Appeals Panel Suspends Vermont’s Milk Hormone Labeling Law
MONTPELIER, Vt. (AP) _ The rights of dairies outweighs consumers’ right to know what’s in their milk, a federal appeals court ruled Thursday, suspending Vermont’s law requiring labels on products from cows given bovine growth hormone.
The 2-1 decision by a 2nd U.S. Circuit Court of Appeals panel in New York said there was no proven health threat from the genetically engineered hormone BGH, and that a lower court ``abused its discretion″ last September by refusing to block the law from taking effect.
``We are aware of no case in which consumer interest alone was sufficient to justify requiring a product’s manufacturers to publish the functional equivalent of a warning about a production method that has no discernible impact on a final product,″ said the decision, written by Circuit Judge Frank Altimari.
Now, the state is prevented from requiring stores to label products made with BGH until U.S. District Court Judge J. Garvan Murtha hears a trial on the case.
In 1993 the Food and Drug Administration approved the use of BGH, also known as recombinant bovine somatatropin, to help dairy cows increase their milk production by up to 15 percent. Extensive testing found that it did not change the makeup of milk and posed no human health threat.
But opponents feared the hormone could have unknown long-term health effects and could cause a glut of milk that would put some small Vermont farmers out of business.
Vermont’s Legislature in 1994 passed a law requiring the labeling of most dairy products with milk from cows treated with BGH. And since last September, stores have used blue labels on packages or signs to tell buyers.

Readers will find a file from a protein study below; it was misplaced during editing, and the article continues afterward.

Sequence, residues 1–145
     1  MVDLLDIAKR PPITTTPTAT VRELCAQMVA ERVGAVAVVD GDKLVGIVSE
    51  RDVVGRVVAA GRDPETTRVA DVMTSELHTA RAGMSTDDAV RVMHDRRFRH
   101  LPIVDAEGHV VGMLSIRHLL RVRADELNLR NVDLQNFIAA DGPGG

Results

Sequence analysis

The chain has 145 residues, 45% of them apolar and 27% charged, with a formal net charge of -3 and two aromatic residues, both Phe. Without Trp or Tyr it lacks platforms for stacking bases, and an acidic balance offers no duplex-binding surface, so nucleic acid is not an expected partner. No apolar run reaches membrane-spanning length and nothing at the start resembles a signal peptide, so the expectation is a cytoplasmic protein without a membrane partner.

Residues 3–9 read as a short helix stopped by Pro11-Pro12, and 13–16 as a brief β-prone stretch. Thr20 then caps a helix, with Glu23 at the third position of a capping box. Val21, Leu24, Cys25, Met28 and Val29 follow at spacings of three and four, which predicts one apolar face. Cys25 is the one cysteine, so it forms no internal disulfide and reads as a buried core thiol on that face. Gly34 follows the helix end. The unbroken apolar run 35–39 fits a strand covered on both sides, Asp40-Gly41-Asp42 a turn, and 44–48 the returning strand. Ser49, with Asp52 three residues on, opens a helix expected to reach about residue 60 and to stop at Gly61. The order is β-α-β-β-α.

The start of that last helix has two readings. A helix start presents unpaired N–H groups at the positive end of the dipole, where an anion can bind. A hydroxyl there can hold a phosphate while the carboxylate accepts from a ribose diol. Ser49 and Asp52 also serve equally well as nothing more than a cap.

Dairies and grocery groups sued, arguing the law infringed on their right to free speech and that it violated the free commerce clause of the Constitution.
The appeals panel agreed.
``Although the court is sympathetic to the Vermont consumers who wish to know ... their desire is insufficient to permit the state of Vermont to compel the dairy manufacturers to speak against their will,″ the decision said.
Lawyers for the Vermont attorney general’s office said Thursday they haven’t decided whether to appeal to the U.S. Supreme Court.
``Good riddance to bad policy,″ said Peter Shafer, a spokesman for the Grocery Manufacturers of America.
The Vermont Grocers Association said it would begin notifying the group’s 800 members they could remove labels as soon as they received official word of the decision.
Vermont Agriculture Commissioner Leon Graves said he would push for a voluntary labeling law during the next legislative session.
``I think the concept is worth defending,″ Graves said. ``From the consumer’s perspective, a voluntary approach″ to labeling would provide the same information ``in a much more positive fashion.″